Monaghan scientist involved in molecular computing breakthrough

Damien Woods is ‘embedding an algorithm within chemistry to control chemical processes’

An Irish scientist, now working at Maynooth University, has helped create DNA molecules that, when combined together, can perform the functions of a tiny computer.

Prof Damien Woods is one of an international team of scientists who have successfully used the DNA created in a laboratory to develop what they describe as "a multi-purpose, reprogrammable molecular computer".

The breakthrough has the potential to open up a new frontier in computing.

DNA is a biochemical code carrying the genetic instructions used in the growth, development, functioning and reproduction of all known organisms and many viruses. In this case it is used as biochemical hardware to drive the molecular computer.


Rather than using transistors and diodes that are deployed in the traditional computer, it uses molecules, said Prof Woods, who worked on the project with researchers at Caltech and the University of California, Davis, in the US.

They have developed 21 algorithms that perform a variety of tasks, details of which were published in the scientific journal Nature on Wednesday.

"Instead of electricity flowing through circuits, rows of DNA strands sticking together perform the computation. It's rather like having a set of Lego bricks, some of which will spontaneously stick to other bricks," added co-author Prof David Doty of University of California. "Select a set of bricks to start with, mix them together and watch them self-assemble into a structure."

The molecular computer is able to perform a series of tasks, including counting exercises and drawing patterns such as zigzags, diamonds and a double helix in the DNA.

Prof Woods and Prof Doty began the work as theoretical computer scientists but they had to master biological skills to make the breakthrough possible.

Molecular form

DNA is of particular interest because it represents information in molecular form, is relatively easy to work with and can be constructed artificially.

“It’s a great gift the molecular biologists have given us computer scientists,” Prof Doty said.

“Think of them as tiny nano apps,” Prof Woods said. “The ability to run any type of software programme without having to change the hardware is what allowed computers to become so useful. We are implementing that idea in molecules, essentially embedding an algorithm within chemistry to control chemical processes.”

It also enables fabrication of objects on a tiny scale, he added. Their work will now be applied to a wider range of structures and facilitate development of tools for chemists and physicists.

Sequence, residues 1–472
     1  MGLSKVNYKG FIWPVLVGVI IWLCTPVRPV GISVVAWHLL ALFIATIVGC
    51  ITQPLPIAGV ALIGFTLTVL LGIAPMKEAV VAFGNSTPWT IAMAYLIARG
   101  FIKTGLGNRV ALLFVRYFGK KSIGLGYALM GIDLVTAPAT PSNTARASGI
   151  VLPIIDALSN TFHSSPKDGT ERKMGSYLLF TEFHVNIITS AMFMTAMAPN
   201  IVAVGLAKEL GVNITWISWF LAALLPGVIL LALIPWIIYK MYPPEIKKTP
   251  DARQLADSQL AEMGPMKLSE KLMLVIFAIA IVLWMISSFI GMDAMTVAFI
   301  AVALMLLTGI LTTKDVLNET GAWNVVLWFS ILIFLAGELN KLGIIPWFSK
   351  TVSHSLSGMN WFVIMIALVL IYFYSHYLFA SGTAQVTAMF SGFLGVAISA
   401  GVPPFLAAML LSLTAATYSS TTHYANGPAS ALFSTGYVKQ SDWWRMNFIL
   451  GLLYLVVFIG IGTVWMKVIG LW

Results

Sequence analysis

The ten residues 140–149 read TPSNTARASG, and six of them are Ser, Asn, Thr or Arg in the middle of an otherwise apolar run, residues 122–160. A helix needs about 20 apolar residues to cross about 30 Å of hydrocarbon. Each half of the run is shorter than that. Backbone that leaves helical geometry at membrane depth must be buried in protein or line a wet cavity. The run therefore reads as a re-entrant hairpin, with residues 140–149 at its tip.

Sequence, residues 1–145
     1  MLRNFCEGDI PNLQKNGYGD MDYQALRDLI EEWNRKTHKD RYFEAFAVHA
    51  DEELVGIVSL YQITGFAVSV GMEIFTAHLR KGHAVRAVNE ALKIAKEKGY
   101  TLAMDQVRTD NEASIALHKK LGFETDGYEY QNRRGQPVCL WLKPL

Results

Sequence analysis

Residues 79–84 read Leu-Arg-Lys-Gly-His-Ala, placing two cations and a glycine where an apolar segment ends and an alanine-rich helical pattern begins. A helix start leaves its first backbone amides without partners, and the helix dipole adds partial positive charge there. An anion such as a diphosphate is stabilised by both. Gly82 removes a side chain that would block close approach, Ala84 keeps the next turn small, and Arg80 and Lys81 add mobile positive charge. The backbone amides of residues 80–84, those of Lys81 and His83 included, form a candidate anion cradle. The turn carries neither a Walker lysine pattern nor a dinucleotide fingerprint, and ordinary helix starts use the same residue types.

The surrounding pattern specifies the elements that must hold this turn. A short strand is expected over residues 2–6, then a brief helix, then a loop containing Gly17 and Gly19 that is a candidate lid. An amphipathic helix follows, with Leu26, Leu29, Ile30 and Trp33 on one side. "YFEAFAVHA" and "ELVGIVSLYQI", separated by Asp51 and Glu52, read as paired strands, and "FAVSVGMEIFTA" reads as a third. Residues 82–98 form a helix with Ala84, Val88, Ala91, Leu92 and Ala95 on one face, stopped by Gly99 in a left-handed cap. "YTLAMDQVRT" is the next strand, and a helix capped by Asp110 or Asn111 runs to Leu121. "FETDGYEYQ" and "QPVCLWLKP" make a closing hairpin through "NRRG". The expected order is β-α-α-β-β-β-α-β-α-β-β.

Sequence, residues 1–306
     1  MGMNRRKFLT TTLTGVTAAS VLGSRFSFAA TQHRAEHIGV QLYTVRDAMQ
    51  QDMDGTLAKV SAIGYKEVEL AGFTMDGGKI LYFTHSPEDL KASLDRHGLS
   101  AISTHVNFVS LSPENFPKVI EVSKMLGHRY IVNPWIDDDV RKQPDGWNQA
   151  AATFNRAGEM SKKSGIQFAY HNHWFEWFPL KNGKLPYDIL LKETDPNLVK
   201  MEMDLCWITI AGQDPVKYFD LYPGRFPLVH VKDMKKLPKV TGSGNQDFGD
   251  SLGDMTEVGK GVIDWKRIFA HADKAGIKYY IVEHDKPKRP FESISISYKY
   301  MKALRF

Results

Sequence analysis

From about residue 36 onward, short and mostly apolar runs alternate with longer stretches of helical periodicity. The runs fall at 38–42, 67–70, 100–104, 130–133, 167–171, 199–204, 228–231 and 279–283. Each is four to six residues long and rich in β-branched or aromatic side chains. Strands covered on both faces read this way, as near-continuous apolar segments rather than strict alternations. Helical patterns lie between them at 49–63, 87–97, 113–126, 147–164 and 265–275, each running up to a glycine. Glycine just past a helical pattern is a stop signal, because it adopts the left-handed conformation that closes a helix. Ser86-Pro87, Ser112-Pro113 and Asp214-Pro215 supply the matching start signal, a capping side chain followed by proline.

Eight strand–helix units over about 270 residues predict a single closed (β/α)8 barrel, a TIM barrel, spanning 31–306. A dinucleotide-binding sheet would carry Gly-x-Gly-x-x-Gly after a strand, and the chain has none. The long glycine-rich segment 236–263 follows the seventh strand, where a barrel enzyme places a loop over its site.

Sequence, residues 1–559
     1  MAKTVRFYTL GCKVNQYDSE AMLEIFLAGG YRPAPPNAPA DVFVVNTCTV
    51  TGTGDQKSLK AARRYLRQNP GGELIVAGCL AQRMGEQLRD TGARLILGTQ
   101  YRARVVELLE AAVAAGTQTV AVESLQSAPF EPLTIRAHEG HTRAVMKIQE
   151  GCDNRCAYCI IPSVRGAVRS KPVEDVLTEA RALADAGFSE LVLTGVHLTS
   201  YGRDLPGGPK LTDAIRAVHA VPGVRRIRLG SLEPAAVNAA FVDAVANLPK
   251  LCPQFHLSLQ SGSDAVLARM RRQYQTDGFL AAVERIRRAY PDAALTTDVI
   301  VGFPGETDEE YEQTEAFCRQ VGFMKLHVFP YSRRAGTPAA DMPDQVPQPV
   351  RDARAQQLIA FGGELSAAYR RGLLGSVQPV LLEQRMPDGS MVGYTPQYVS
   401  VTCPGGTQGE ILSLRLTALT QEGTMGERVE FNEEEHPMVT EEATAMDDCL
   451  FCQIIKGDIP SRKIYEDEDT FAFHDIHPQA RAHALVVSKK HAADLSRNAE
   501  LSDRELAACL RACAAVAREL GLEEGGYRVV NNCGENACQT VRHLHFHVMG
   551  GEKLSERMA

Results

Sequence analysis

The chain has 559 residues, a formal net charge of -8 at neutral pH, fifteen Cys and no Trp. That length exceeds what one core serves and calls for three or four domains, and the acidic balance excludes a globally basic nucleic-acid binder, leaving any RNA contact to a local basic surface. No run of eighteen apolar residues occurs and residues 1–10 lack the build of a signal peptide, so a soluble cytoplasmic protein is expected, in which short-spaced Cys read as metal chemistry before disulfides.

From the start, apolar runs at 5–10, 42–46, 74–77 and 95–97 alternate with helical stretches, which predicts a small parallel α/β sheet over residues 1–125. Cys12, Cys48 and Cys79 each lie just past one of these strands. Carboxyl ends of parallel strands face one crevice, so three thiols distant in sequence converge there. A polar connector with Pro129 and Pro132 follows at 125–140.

Although silicon computers use electricity flowing through circuits to carry out tasks, the molecular computers attach strands of DNA together to make larger objects or structures that execute a programme.

The end result is a test tube filled with billions of completed algorithms, each one resembling a knitted scarf of DNA, representing a read-out of the computation. The system can be reprogrammed to run a different algorithm by simply selecting a different set of DNA strands.

“We were surprised by the versatility of programmes we were able to design,” said Prof Woods, who carried out some of his research while at Inria, the French national institute for computer science.

Inspired by Turing

He is from Co Monaghan, completed in PhD in Maynooth in 2005, and recently joined the academic staff in his alma mater. The breakthrough took inspiration from the pioneering work of Alan Turing in computing during the last century, he said.

Although DNA computers have potential to perform more complex computations than those featured in Nature, Prof Erik Winfree of Caltech – in whose lab most of the work was done – cautioned that one should not expect them to start replacing standard silicon microchip computers.

Nor would Prof Woods be drawn on potential applications in obvious areas such as medicine and biotechnology.

“That is not the point of our work. We are showing what can be done and it will be up to others to apply it to the real world. No one would have foreseen the iPhone back in Turing’s day, for example. We are proving what can be done at a molecular level, which opens up a whole world of possibilities.”

Research funding was provided by the National Science Foundation and Nasa.


The creation of “self-assembly molecular computers” is frontier science that uses molecular hardware in the form of artificial DNA, which sticks together to execute a computation. The research involves developing algorithms to perform programmable functions (similar to a standard computer) and create tiny objects – all at the nanoscale.

Kevin O'Sullivan

Kevin O'Sullivan

Kevin O'Sullivan is Environment and Science Editor and former editor of The Irish Times